The Routledge Course in Japanese Translation

By Yoko Hasegawa

© 2012 – Routledge

358 pages | 2 B/W Illus.

Purchasing Options:
Paperback: 9780415486866
pub: 2011-09-27
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Hardback: 9780415607520
pub: 2011-09-28
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Comp Exam Copy

About the Book

The Routledge Course in Japanese Translation brings together for the first time material dedicated to the theory and practice of translation to and from Japanese.

This one semester advanced course in Japanese translation is designed to raise awareness of the many considerations that must be taken into account when translating a text. As students progress through the course they will acquire various tools to deal with the common problems typically involved in the practice of translation. Particular attention is paid to the structural differences between Japanese and English and to cross-cultural dissimilarities in stylistics.

Essential theory and information on the translation process are provided as well as abundant practical tasks.

The Routledge Course in Japanese Translation is essential reading for all serious students of Japanese at both undergraduate and postgraduate level.

Reviews

The Routledge Course in Japanese Translation is a stimulating textbook for teaching the theory and practice of translation to and from Japanese. It introduces many abstract concepts from Japanese linguistics, but makes them tangibly understandable for any student of Japanese by utilizing unintimidating explanations with authentic translation examples. This textbook serves as an excellent venue to learn Japanese linguistics, gain insights into translation strategies, appreciate Japanese literature, and significantly improve one’s Japanese language skills.

Eriko Sato, Stony Brook University, USA

Table of Contents

Chapter 1 Introduction

1.1 Why Translation?

1.2 About This Book

1.3 What Is Translation?

1.4 Translatability

1.5 Translation Direction

1.6 Translator Competence

Chapter 2 Kinds of Meaning I

2.1 Propositional Meaning

2.1.1 Proper Nouns

2.1.2 Polysemy

2.1.3 Synonymy

2.1.4 Hyponymy

2.2 Presupposed Meaning

2.3 Expressive Meaning

2.4 Indexical Meaning

2.4.1 Indexicality

2.4.2 Phatic Communion

2.4.3 Register

Chapter 3 Kinds of Meaning II

3.1 Symbolic Meaning

3.2 Allusive Meaning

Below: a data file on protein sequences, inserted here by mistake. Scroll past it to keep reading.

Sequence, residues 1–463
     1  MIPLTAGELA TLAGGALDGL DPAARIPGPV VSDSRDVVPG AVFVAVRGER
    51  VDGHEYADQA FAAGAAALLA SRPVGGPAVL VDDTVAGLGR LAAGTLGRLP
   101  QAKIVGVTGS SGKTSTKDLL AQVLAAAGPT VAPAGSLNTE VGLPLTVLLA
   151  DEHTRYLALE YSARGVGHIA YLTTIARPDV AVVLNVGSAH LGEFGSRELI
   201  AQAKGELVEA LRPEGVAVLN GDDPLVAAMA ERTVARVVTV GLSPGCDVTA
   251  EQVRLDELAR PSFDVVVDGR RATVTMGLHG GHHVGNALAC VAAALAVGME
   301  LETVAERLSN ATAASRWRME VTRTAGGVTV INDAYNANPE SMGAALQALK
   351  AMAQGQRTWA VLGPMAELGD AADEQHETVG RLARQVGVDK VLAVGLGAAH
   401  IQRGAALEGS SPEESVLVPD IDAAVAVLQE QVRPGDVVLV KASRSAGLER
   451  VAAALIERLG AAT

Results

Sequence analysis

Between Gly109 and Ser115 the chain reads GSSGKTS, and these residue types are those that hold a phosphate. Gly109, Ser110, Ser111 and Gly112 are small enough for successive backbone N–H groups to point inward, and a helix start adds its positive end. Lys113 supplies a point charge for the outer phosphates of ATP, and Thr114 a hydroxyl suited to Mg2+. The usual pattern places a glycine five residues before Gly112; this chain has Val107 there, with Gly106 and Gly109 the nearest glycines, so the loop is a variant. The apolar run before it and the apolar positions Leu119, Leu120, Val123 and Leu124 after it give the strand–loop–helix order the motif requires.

3.3 Associative and Collocative Meaning

3.4 Textual Meaning

3.5 Figurative Meaning

3.5.1 Simile

3.5.2 Metaphor

3.5.3 Metonymy

3.6 Speech Acts

3.7 Ambiguity and Vagueness

3.7.1 Ambiguity

3.7.2 Vagueness

Chapter 4 Discourse Genre

4.1 Narrative Discourse

4.1.1 General Characteristics

4.1.2 Tense and Aspect

4.1.3 Free Indirect Style

4.2 Procedural Discourse

4.3 Expository Discourse

4.4 Descriptive Discourse

4.5 Hortatory Discourse

4.6 Repartee Discourse

4.7 Reiss’ Classification

Chapter 5 Understanding the Source Text

5.1 Introduction

5.2 Reading as Constructing Meaning

5.3 Predicates and Arguments

5.4 Argument Recovery

5.4.1 Wa and Ga

5.4.2 Connectives

5.5 Noun Modification

5.5.1 Internally-Headed Relative Clause

5.5.2 Gapless Relative Clause

5.5.3 Multi-layered Relative Clause

5.6 Complex Sentences

5.7 Evidentiality and Egocentricity

5.7.1 Evidentiality

5.7.2 Egocentricity

5.8 Ambiguity Revisited

Chapter 6 Translation Techniques

6.1 Vinay and Darbelnet’s Categorization

6.1.1 Borrowing

6.1.2 Calque

6.1.3 Literal Translation

6.1.4 Transposition

6.1.5 Modulation

6.1.6 Equivalence

6.1.7 Adaptation

6.2 Translation by Omission

6.3 Information Addition/Deletion & Offsetting the Loss

6.4 Contrustive Rhetoric

6.4.1 Text Organization

6.4.2 Paragraph

6.4.3 Verbiage

6.1.4 Phaticism

Chapter 7 Translation Studies

7.1 Premodern Translation Theories

7.2 Mid-Twentieth Century Translation Theories

7.3 Skopos Theory

7.4 The Negative Analytic

7.4.1 Rationalization

7.4.2 Clarification

7.4.3 Expansion

7.4.4 Ennoblement

7.4.5 The Destruction of Vernacular Networks or Their Exoticization

7.5 Recent Approaches

7.5.1 Cultural Communication

7.4.2 Formation of Cultural Identity

Chapter 8 Translation Projects

8.1 The Translation Situation

8.1.1 The Initiator and His/Her Skopos

8.1.2 The Author, His/Her Skopos, and the Spatiotemporal Location

8.1.3 Audiences

8.1.4 Other Factors

8.1.5 Case Study

8.2 Reading the Source Text

8.3 Research

8.4 Writing and Revising the Target Text

8.5 Working as a Team

8.6 Translation Evaluation

8.6.1 Evaluation Criteria

8.6.2 ATA Certification Program

8.7 Concluding Remarks

Appendix A Romanization

Appendix B ATA Certification Program Error Marking Sheet

Appendix C ATA Flowchart for Error Point Decisions

Appendix D Answer Key

References

Index

About the Author

Yoko Hasegawa is Associate Professor of Japanese Linguistics in the Department of East Asian Languages and Cultures at the University of California, Berkeley.

Subject Categories

BISAC Subject Codes/Headings:
FOR014000
FOREIGN LANGUAGE STUDY / Japanese
LAN023000
LANGUAGE ARTS & DISCIPLINES / Translating & Interpreting